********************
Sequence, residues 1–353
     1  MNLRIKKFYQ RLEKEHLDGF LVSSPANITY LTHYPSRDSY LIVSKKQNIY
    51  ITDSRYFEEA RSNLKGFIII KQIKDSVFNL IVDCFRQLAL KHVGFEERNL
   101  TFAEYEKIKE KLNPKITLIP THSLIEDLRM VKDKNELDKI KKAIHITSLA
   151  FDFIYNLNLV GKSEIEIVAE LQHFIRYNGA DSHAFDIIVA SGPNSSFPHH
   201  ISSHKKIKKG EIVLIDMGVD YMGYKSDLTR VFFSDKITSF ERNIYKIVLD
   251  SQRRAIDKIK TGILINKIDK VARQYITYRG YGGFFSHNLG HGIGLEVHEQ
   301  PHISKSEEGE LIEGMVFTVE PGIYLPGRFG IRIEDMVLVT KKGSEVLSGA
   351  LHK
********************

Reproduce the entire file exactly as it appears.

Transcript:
Sequence, residues 1–353
     1  MNLRIKKFYQ RLEKEHLDGF LVSSPANITY LTHYPSRDSY LIVSKKQNIY
    51  ITDSRYFEEA RSNLKGFIII KQIKDSVFNL IVDCFRQLAL KHVGFEERNL
   101  TFAEYEKIKE KLNPKITLIP THSLIEDLRM VKDKNELDKI KKAIHITSLA
   151  FDFIYNLNLV GKSEIEIVAE LQHFIRYNGA DSHAFDIIVA SGPNSSFPHH
   201  ISSHKKIKKG EIVLIDMGVD YMGYKSDLTR VFFSDKITSF ERNIYKIVLD
   251  SQRRAIDKIK TGILINKIDK VARQYITYRG YGGFFSHNLG HGIGLEVHEQ
   301  PHISKSEEGE LIEGMVFTVE PGIYLPGRFG IRIEDMVLVT KKGSEVLSGA
   351  LHK